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Friday, January 18, 2013

Death of Kings' Steve Casey on Atlanta, metal, and moving up north

Steve Casey
  • Courtesy Steve Casey
  • Steve Casey
If you're a metal fan, and you haven't had the chance to see Death of Kings, do yourself a favor and head to the Star Bar tonight. Death of Kings has been thrashing audiences all over town for the past four years, and tonight will be no exception. Tonight's show promises to be no quieter and definitely not any softer than any of their previous shows, but it does come with a wistful note. Tonight is lead guitarist Steve Casey's last Atlanta show with DoK before he leaves us for New York.

Death of Kings has gone through a few personnel changes since your start back in '09, but you're one of the founding members, right? How did y'all get started?
Yeah, as with many bands, we've had our fair share of members coming and going. I joined when the band was still called Das Manics. The music had much more of a punk rock feel than it does now, for sure. Matt Matson and I both worked together at a bar in Little Five Points and started talking. I wanted to be in a band, and he needed a lead guitarist. As we were talking Matt told me he wanted to take the band in a heavier direction. Since I had been playing metal since High School we felt I'd be a good fit. A few line-up changes and a name change later DoK was born.

You're moving to New York soon. Do you see yourself getting involved with musicians up there? Will you be making trips back home or meeting up with DoK to play shows in other cities when you can?
Yes, I'm moving to New York. I go to school for Audio Technology, and my school has a campus in midtown Manhattan. I'm going up there to start my career in audio. I want to get my foot in the door in the industry early, as opposed to graduating in Atlanta and then moving up there where nobody knows me or my abilities. So, yes, I will be working with other musicians. As far as my future with DoK is concerned, I can't expect them to wait around for me. My school schedule makes it impossible for me to tour until I graduate, and it's unfair to make the guys wait around when they're trying to do so many awesome things. Also, the love of my life is up there. That's a thing, too.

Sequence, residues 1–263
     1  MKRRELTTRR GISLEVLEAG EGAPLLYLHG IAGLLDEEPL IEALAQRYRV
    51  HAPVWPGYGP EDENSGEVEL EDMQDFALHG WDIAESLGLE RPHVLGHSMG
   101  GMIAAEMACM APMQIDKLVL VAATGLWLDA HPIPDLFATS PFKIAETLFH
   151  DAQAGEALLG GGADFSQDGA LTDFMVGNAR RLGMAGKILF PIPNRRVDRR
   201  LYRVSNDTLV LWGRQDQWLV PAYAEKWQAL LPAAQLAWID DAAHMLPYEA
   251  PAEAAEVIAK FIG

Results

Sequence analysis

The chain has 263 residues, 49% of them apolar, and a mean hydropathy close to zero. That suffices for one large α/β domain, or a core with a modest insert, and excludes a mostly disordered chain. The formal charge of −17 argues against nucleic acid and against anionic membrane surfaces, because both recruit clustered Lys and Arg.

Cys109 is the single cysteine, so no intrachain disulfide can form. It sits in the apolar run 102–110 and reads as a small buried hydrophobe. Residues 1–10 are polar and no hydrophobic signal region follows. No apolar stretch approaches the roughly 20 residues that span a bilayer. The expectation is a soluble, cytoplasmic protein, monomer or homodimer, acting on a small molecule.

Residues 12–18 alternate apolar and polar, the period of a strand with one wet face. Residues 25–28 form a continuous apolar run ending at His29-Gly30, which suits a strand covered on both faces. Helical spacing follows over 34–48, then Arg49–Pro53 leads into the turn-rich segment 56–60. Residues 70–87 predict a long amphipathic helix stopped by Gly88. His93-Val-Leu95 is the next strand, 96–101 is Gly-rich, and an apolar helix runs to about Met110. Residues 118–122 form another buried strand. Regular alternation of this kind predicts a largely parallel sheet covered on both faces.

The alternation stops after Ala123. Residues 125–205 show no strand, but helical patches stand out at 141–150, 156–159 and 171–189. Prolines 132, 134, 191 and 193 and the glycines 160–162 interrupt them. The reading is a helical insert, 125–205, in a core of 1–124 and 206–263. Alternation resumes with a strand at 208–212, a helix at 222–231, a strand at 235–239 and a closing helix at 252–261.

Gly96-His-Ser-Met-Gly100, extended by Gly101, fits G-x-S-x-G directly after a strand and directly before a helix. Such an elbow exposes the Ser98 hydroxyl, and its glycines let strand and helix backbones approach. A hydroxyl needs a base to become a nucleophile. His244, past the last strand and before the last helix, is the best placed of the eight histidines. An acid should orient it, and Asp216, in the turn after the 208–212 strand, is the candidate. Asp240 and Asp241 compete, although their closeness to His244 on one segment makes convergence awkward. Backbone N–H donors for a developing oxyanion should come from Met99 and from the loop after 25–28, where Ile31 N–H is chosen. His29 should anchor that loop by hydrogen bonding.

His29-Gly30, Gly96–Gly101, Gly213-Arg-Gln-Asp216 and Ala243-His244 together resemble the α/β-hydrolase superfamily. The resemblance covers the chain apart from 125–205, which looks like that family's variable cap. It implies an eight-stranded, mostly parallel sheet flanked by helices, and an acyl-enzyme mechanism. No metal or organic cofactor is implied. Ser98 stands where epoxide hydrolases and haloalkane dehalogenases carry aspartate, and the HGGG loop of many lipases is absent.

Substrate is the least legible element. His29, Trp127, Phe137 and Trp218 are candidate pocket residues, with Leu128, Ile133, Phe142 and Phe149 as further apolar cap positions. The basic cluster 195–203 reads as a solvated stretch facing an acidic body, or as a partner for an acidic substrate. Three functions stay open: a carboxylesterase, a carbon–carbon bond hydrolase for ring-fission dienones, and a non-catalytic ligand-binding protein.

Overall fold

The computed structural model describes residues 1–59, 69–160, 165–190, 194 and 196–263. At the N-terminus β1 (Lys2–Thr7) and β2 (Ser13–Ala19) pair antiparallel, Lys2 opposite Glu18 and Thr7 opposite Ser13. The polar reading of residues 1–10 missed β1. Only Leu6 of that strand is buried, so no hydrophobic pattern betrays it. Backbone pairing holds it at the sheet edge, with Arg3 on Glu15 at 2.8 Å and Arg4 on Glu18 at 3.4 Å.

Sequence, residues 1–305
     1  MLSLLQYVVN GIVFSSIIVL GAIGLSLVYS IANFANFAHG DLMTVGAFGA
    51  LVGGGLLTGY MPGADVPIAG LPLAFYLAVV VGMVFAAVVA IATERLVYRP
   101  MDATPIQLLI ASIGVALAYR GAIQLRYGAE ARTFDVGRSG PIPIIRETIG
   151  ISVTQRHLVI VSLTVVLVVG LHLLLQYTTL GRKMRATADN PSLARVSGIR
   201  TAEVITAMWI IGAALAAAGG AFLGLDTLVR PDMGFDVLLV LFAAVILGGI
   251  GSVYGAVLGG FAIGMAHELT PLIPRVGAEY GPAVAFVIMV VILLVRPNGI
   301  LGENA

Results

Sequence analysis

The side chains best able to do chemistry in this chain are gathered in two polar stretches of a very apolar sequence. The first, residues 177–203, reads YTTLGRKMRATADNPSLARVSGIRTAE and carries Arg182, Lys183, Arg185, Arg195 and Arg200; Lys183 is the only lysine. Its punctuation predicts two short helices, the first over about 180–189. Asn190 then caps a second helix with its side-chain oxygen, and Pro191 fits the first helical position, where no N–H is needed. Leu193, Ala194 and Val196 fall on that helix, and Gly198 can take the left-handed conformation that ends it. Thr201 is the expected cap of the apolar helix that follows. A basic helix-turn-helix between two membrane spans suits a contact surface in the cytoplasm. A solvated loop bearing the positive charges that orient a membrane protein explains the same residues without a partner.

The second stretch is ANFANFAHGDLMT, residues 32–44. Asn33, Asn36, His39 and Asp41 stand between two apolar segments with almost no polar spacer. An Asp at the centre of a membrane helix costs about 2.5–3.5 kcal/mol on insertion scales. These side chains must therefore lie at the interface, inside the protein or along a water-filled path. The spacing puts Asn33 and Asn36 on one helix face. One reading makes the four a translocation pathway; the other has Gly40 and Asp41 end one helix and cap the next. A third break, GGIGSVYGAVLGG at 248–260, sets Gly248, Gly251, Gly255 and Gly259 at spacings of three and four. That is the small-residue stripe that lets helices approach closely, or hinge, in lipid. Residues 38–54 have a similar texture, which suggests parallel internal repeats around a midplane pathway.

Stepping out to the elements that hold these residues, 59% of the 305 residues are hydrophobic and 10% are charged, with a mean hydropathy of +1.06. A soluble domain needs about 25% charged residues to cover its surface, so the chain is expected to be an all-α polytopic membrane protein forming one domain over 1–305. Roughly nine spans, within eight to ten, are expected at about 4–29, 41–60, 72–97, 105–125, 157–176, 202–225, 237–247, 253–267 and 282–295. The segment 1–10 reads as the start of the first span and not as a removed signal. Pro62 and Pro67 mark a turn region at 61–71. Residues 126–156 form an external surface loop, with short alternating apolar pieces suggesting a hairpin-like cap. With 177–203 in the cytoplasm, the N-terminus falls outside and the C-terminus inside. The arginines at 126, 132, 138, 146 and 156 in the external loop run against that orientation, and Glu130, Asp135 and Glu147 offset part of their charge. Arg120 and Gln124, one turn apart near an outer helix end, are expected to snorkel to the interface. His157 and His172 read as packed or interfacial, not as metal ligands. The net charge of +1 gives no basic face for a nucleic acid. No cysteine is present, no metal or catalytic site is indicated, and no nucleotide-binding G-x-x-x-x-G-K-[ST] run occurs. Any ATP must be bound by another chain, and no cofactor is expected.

I saw you play a couple of years ago without a bassist. Between lead and rhythm guitar, it almost felt like there was a bass on stage. What was it like, working without half a rhythm section? Of all the changes the band's gone through, what was the most challenging? Worst? Best?
When we played without a bassist for those few shows, it was actually pretty fun. We've always had a "the show must go on" mentality. The most challenging change was when we had to find a new drummer. It was a tough month or so. As far as the worst change? That's a hard question to answer, as any significant change in a band is difficult. The best was definitely when Amos joined. The guy is a machine. He's extremely talented, skilled, and business savvy. Our momentum picked up substantially when he jumped in. It's been an honor to work with him for the last few years.

As exciting as this move is, do you kinda want to cry a little bit, thinking of DoK playing with a new guitarist?
Ha! It is a little sad, as DoK was my life for a good portion of my twenties. I've changed a lot since I joined, though, and I can't hold my friends back any more than I have already. Honestly, I'm excited about what the future holds for them, and I can't wait to record them. They're all very talented musicians. I foresee even greater things for them in the future.

Death of Kings, Primate, Savagist, and Utah play the Star Bar tonight. $8. 9 p.m.

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